Share your Story: Kathy Wilson
“(Hypertrophic Cardiomyopathy) controls me, and it doesn’t control me anymore”- Kathy Wilson. In 2012, Kathy was diagnosed with Hypertrophic Cardiomyopathy (HCM) by a cardiologist in Indianapolis who despite her being asymptomatic put her on medication. Her diagnosis caused Kathy to develop strong anxiety and go into depression. Later on, another cardiologist in Indianapolis ordered a new cardiac MRI scan and assessed her risk to be high enough to warrant a defibrillator. Her insurance disagreed with the risk assessment and refused to cover the cost. The diagnosis of needing a defibrillator caused Kathy’s anxiety to take an even more present role in her life. Along with her anxiety, her symptoms also increased and Kathy began to feel like her life was taken over.
After her defibrillator insertion, Kathy stumbled upon the Hypertrophic Cardiomyopathy Association (HCMA) on Facebook. This is where she was first introduced to the idea of going to an HCMA recognized Center of Excellence (COE). After getting in contact with the HCMA, Kathy went to the Cleveland Clinic COE. Kathy felt that “I learned more in 12 hours (at the COE) than I have since 2002”. At the Cleveland COE Kathy was diagnosed with obstruction, and as a candidate for a myectomy. Her doctor in Cleveland scheduled her myectomy as soon as possible in order to reduce her anxiety. Contact with the HCMA also greatly helped her reduce her anxiety and understand what was happening to her.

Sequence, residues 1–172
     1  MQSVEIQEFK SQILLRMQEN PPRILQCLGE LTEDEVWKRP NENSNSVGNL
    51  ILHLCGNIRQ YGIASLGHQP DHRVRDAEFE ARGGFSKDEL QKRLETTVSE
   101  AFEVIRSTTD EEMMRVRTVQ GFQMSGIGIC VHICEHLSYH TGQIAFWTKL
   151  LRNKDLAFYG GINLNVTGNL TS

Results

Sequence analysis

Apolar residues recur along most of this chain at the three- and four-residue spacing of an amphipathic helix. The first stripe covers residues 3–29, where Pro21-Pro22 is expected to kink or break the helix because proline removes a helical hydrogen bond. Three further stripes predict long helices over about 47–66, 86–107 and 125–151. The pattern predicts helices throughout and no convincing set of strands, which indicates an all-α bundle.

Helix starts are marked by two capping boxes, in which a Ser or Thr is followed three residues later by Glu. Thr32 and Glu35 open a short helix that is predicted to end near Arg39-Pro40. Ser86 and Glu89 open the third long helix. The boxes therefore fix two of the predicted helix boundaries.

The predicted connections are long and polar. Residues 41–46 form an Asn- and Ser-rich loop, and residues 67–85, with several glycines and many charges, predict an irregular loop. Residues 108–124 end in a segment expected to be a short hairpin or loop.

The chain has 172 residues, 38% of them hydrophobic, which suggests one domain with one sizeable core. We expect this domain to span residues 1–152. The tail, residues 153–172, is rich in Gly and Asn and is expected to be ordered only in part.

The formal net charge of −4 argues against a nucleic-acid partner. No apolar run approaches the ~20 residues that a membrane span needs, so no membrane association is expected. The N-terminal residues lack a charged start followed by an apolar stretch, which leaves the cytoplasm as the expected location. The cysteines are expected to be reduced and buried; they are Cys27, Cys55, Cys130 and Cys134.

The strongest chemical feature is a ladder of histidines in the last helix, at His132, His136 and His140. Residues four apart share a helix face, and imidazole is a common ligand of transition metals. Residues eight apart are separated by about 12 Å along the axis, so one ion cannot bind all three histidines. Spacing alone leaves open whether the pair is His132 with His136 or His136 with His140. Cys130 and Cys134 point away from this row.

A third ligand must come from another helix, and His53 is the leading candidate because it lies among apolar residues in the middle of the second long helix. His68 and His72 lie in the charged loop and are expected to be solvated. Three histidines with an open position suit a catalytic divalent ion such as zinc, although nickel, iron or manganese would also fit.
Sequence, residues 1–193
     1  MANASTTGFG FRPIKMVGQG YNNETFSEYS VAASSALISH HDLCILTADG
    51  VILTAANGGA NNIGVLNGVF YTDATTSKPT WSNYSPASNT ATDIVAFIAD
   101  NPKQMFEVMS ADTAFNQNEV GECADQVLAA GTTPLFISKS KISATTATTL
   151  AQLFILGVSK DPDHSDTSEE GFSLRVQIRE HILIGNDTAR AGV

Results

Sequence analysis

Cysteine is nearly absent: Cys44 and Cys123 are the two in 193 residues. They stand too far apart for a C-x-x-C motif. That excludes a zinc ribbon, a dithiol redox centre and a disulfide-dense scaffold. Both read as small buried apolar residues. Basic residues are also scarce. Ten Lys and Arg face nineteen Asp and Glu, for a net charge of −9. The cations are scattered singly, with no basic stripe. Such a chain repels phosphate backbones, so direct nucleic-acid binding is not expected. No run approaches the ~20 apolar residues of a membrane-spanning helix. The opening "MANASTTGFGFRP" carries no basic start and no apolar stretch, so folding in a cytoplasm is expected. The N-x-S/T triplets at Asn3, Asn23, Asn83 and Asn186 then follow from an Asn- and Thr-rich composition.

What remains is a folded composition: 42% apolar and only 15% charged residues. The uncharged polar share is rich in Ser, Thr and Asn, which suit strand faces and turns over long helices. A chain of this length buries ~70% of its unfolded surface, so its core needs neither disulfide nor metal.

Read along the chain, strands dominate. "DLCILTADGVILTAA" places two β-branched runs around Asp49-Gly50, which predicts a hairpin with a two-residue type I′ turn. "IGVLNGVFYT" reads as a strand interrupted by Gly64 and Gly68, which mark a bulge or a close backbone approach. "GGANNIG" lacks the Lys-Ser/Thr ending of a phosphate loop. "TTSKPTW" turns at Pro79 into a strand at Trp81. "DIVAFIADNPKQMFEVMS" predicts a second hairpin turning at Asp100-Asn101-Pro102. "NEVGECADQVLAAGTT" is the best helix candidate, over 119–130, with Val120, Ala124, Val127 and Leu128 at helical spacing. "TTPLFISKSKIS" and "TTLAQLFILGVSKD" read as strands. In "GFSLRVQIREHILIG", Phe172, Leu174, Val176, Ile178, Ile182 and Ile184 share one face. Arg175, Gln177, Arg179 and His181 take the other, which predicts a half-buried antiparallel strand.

Due to her anxiety and depression post diagnosis, Kathy gained 70 pounds which is not ideal with a heart condition. However, since her anxiety has decreased, she has entered an intensive weight loss program and was able to lose over 20 pounds so far. The weight loss has alleviated some of the strain on her heart and has decreased her blood pressure. Because of the weight loss and decrease of blood pressure her doctor was able to take her off of her nightly medication. Since finding the HCMA and COE Kathy feels like her quality of life has greatly increased. The HCMA looks forward to launching a database to monitor anxiety in patients with HCM like Kathy.